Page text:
Those low prices are appreciated in the bag of José Velarde, 23 years old. He waits in line to pay for more than a dozen clothes, while his girlfriend continues to walk around the store. “I have taken an 11 euro shirt for myself. For her, look: this top five euros, which is very good for a festival; two bags, one of 3.75 and another of 7.75; other top five euros; this dress of six…”. When she shows the green dress, another young woman in the queue sees it. “Where did you get it? I’m going for him.” In the Web and the apps, the engines of the company, the dynamics are the same: three euros discount on your first order; free shipping for purchases from nine euros; 20% discount for purchases over 115 euros; a dress for 5.49 euros; a pendant for 20 cents…
Behind this feast of discounts, as on so many other occasions with much cheaper products than the competition, they hide lousy working conditions, as reported by the Swiss human rights organization Public Eye. In a 2021 report, it revealed that several companies that supply products practically exclusively for Shein impose shifts of up to 75 hours per week on workers. It is a common scenario in Chinese production chains, but illegal. The maximum working day is 40 hours, as recently confirmed by the justice of the Asian giant in a ruling that declared illegal require 12-hour shifts six days a week.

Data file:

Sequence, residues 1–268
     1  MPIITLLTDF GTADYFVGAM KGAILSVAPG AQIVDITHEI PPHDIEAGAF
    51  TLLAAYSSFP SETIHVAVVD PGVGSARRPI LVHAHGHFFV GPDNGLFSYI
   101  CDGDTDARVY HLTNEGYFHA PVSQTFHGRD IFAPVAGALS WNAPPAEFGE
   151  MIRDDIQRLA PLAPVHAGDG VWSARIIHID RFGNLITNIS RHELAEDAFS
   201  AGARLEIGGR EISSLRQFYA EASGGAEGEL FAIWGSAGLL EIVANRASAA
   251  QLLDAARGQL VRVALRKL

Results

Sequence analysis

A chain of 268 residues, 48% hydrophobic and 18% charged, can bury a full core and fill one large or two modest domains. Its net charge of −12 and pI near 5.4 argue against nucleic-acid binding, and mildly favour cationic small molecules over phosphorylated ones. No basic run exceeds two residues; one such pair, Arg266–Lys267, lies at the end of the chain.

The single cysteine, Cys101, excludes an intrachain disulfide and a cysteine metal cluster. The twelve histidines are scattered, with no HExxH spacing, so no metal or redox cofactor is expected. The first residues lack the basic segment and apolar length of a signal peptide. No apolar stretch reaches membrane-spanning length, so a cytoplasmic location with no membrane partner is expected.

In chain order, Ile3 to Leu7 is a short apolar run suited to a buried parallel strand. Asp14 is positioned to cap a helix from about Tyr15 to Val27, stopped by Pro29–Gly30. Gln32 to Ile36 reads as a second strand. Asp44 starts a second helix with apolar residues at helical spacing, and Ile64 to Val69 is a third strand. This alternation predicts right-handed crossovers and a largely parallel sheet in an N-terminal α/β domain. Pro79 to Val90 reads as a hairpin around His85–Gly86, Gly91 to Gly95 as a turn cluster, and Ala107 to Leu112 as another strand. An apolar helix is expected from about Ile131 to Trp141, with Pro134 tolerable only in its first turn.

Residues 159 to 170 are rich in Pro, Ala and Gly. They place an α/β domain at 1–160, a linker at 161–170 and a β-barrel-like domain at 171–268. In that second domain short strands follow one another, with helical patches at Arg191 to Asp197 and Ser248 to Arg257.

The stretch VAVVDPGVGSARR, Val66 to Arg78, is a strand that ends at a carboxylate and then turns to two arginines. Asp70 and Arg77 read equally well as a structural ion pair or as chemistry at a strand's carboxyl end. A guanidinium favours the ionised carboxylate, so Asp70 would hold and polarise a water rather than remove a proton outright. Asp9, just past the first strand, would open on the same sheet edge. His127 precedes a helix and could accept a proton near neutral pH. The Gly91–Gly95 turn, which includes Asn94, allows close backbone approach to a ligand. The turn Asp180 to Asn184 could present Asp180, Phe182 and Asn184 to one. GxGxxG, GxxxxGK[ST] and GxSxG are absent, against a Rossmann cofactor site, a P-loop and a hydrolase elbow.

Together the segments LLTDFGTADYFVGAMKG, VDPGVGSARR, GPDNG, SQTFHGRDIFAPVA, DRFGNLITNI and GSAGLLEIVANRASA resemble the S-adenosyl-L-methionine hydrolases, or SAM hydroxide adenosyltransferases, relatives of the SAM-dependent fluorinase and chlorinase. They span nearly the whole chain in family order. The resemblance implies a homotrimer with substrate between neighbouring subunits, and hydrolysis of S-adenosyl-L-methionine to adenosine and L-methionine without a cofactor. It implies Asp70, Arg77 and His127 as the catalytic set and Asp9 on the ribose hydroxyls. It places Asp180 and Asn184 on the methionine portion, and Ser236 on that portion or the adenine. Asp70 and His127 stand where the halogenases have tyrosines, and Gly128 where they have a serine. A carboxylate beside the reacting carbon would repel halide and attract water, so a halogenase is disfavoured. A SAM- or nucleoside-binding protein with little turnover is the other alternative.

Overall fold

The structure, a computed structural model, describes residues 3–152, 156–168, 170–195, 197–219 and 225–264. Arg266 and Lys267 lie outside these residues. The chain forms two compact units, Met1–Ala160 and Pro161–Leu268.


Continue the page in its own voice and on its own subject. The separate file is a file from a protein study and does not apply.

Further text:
The company has also been criticized for its quality and sustainability standards, as well as the innumerable plagiarism complaints. “I have heard that some workers do not have very good conditions, but the prices are very low,” says Paula Álvarez (31 years old), with three dresses hanging from her arm. “It seems very bad to me, no company should work like this… But I understand that many people also buy from Shein. It’s very cheap, and you don’t know how other brands produce it either,” adds Irene Pérez, 25.
Shein’s very low prices are not the only selling point of the brand: it also stands out for the variety of sizes, while other textile chains barely produce large sizes. In a recent interview in EL PAÍS, the actress and communicator Mara Jiménez illustrated Shein’s day and night in the public forum: “We fat women give our lives for Shein. It saves our lives. you find clothes sexy, comfortable, practical, everything. I would like to wear more sustainable clothing, without labor exploitation and Spanish, but there is none for me. It has given an opportunity to diverse people.” María Pérez, 19 years old and protected from the sun with an umbrella in the middle of her queue, has the same perception: “In other stores the sizes are a lie, they are dwarfs. I buy a lot at Shein because it is the only one where you can always find large sizes”. All the clothes that she wears while she attends to this newspaper are from Shein, clothes that have arrived in her closet without stores or clerks. Delivery guys only.